42 Chondrosarcoma



George Nomikos, Anthony G. Ryan, Peter L. Munk, and Mark Murphey

Clinical Presentation

A 53-year-old man presented with pain in the proximal humerus for 3 months.


Figure 42A


Figure 42B


Figure 42C


Figure 42D

Radiologic Findings

A radiograph (Fig. 42A) shows a lytic destructive lesion in the proximal femur. There is associated cortical thickening and periosteal reaction, as well as expansile remodeling and lobular endosteal scalloping. The density in the greater trochanter represents a methylmethacrylate plug from a prior biopsy. The CT (Fig. 42B) shows cortical destruction, faint internal mineralization, and soft-tissue thickening around the femur. The sagittal inversion recovery MRI (Fig. 42C) shows the extent of the lesion. The lesion is predominantly high signal intensity. The lower signal intensity foci within the lesion represent areas of mineralization. The postcontrast image (Fig. 42D) shows peripheral and septal enhancement, a characteristic pattern seen in hyaline cartilage lesions. There is also enhancement within the periosteal reaction around the femur.



Differential Diagnosis

  • Bone infarction with secondary malignancy (malignant fibrous histiocytoma/fibrosarcoma)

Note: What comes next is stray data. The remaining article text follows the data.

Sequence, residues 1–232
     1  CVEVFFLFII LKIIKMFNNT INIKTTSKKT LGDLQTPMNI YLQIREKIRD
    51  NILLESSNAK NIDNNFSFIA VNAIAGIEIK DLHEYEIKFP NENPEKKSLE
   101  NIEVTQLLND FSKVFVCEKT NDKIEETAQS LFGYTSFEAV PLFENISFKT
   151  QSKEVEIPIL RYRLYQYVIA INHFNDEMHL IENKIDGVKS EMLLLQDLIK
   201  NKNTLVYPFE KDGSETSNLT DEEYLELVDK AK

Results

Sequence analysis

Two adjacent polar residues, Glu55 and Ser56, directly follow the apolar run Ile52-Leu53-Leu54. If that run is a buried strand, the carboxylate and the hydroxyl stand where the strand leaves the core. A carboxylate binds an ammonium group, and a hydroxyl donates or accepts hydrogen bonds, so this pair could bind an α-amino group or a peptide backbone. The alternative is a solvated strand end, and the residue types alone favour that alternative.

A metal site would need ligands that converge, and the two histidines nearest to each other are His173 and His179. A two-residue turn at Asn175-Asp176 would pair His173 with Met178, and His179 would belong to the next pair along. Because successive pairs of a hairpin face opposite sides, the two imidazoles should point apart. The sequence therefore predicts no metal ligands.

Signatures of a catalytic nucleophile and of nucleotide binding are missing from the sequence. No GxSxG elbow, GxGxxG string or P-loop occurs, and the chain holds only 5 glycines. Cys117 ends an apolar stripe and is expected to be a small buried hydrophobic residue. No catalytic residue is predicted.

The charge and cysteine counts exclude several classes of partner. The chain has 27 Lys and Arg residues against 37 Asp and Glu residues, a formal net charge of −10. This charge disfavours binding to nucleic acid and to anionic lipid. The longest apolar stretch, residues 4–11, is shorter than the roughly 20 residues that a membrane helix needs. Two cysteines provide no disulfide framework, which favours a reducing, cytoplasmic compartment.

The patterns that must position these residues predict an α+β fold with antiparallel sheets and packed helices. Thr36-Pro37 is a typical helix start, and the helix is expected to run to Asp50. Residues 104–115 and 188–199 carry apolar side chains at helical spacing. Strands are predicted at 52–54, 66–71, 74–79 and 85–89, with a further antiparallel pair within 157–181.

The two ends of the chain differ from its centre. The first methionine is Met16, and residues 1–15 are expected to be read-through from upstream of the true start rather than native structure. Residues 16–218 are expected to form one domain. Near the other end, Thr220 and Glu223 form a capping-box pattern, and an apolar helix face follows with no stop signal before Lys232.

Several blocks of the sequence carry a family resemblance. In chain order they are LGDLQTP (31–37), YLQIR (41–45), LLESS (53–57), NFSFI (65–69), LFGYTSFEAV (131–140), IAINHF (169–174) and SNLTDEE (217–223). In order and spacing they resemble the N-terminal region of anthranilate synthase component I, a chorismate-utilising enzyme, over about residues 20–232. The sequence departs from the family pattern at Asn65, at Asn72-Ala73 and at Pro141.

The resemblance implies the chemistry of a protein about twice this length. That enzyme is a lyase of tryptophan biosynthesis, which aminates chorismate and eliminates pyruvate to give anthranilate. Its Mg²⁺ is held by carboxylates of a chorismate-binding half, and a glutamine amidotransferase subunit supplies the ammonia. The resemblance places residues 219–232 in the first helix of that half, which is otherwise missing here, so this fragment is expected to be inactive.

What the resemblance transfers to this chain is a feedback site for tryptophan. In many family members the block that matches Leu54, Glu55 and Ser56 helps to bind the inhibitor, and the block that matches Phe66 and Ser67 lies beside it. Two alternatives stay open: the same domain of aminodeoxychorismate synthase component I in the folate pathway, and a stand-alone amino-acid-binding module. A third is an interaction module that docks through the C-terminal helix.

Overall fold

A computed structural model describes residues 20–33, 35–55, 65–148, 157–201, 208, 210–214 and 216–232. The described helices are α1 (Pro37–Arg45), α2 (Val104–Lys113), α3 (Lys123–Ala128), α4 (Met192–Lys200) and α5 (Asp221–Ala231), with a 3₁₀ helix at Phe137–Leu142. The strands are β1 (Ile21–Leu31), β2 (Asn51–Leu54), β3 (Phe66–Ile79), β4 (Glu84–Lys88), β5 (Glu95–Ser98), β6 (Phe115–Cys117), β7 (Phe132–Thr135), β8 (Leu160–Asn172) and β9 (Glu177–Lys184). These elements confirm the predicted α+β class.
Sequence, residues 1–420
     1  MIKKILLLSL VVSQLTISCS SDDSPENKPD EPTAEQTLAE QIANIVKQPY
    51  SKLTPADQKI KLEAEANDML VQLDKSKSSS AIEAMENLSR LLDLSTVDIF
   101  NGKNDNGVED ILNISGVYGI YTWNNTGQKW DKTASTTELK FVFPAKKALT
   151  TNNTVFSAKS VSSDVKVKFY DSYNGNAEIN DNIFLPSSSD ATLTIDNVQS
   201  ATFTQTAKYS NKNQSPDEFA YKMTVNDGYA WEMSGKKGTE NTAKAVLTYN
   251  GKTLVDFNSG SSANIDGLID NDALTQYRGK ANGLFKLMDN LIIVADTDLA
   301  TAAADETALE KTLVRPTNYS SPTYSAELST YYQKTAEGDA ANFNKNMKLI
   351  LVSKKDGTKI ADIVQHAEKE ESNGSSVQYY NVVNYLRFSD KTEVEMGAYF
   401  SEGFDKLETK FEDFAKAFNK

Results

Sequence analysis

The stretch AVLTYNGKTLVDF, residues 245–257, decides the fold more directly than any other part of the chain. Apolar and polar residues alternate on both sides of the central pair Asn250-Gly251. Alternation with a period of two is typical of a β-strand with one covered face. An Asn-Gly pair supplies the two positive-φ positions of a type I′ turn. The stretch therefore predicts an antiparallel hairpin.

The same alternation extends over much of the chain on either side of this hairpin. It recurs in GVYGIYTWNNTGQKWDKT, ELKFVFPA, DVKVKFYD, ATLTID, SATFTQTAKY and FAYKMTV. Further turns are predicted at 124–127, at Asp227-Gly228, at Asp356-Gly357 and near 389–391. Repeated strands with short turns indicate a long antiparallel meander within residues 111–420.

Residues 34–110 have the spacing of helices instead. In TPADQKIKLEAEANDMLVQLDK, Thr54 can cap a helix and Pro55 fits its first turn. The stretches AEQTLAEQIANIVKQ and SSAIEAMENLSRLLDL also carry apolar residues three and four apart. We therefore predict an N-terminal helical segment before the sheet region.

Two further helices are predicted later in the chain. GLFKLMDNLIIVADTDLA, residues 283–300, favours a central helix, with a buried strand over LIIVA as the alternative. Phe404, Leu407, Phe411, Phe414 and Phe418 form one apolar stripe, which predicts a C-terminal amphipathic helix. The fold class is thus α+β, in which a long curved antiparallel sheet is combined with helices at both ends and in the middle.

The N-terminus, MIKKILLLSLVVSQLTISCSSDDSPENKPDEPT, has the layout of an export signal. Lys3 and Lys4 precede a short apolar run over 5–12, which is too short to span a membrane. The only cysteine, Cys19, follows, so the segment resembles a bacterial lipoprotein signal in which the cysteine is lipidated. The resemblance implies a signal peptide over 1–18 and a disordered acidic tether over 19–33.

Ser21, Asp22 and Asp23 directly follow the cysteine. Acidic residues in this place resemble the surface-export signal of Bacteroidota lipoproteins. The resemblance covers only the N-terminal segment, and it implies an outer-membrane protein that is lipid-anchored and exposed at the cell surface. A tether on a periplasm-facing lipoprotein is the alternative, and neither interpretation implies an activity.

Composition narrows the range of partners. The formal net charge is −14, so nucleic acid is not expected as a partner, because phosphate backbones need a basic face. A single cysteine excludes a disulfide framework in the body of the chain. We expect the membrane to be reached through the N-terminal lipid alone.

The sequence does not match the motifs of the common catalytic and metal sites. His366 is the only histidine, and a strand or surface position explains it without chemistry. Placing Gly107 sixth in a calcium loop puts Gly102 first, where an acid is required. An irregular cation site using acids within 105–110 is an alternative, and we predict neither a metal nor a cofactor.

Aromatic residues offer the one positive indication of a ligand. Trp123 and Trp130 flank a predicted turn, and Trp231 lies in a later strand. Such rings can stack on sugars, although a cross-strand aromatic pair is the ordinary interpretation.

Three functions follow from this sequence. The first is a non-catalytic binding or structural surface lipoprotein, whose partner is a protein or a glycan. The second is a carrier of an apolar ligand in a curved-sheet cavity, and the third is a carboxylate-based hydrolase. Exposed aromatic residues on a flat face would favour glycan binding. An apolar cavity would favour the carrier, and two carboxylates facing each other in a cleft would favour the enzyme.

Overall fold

• Enchondroma (effectively excluded in this case because of the presence of cortical destruction)



Chondrosarcomas account for ~8 to 17% of biopsied primary bone tumors. They may arise in the medullary canal (central type) or on the surface of the bone (peripheral type). Chondrosarcomas represent malignant cartilage lesions. They may arise de novo or from a preexisting cartilage lesion, such as an enchondroma or osteochondroma. Common locations include the pelvis, femur, humerus, ribs, tibia, scapula, and spine.

Clinical Findings

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Feb 14, 2016 | Posted by in MUSCULOSKELETAL IMAGING | Comments Off on 42 Chondrosarcoma

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